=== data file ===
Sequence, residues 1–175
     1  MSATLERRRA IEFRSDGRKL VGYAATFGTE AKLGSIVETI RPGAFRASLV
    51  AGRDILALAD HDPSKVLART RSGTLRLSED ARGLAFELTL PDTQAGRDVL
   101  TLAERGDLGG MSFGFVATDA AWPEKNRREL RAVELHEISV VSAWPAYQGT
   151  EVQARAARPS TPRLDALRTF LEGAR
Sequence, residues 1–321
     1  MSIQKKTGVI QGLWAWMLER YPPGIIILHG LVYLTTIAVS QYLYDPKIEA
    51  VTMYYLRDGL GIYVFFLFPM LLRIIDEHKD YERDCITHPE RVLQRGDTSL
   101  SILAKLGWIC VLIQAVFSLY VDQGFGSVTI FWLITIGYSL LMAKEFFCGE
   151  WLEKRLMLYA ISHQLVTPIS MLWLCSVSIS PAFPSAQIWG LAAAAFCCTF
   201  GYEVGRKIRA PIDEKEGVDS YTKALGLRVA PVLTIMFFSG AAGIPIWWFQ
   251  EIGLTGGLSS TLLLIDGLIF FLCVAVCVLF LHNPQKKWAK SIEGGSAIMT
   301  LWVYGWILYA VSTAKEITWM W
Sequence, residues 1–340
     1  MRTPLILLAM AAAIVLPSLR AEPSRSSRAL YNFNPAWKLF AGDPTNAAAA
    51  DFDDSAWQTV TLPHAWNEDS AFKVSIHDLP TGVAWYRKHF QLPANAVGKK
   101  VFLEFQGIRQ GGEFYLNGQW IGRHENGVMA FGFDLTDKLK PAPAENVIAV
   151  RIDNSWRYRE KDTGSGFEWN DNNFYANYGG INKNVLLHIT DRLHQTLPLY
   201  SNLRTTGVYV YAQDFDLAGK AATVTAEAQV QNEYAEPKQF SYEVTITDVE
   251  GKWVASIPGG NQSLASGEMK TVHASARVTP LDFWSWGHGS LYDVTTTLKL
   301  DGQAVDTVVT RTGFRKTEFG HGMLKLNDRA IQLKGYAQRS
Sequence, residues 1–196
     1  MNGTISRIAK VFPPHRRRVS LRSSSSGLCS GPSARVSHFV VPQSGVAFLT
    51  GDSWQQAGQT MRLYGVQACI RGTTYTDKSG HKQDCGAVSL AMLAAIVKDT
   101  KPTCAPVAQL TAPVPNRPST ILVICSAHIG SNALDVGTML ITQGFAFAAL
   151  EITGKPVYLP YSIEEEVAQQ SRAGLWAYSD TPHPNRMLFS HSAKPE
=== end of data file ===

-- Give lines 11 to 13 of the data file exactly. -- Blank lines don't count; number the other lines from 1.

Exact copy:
   201  GYEVGRKIRA PIDEKEGVDS YTKALGLRVA PVLTIMFFSG AAGIPIWWFQ
   251  EIGLTGGLSS TLLLIDGLIF FLCVAVCVLF LHNPQKKWAK SIEGGSAIMT
   301  LWVYGWILYA VSTAKEITWM W